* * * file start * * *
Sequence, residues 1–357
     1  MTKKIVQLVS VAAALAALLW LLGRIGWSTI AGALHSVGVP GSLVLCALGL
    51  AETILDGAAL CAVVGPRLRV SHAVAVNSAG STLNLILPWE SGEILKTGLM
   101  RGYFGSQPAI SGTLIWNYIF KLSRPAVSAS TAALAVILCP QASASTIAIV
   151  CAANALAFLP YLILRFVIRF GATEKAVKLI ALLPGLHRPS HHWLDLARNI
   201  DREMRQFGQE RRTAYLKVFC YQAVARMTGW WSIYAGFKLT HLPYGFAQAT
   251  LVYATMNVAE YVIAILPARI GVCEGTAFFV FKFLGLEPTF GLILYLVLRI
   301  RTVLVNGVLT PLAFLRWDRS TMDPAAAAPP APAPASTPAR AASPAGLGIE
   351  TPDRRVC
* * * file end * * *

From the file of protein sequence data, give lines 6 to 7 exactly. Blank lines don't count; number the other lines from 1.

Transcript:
   201  DREMRQFGQE RRTAYLKVFC YQAVARMTGW WSIYAGFKLT HLPYGFAQAT
   251  LVYATMNVAE YVIAILPARI GVCEGTAFFV FKFLGLEPTF GLILYLVLRI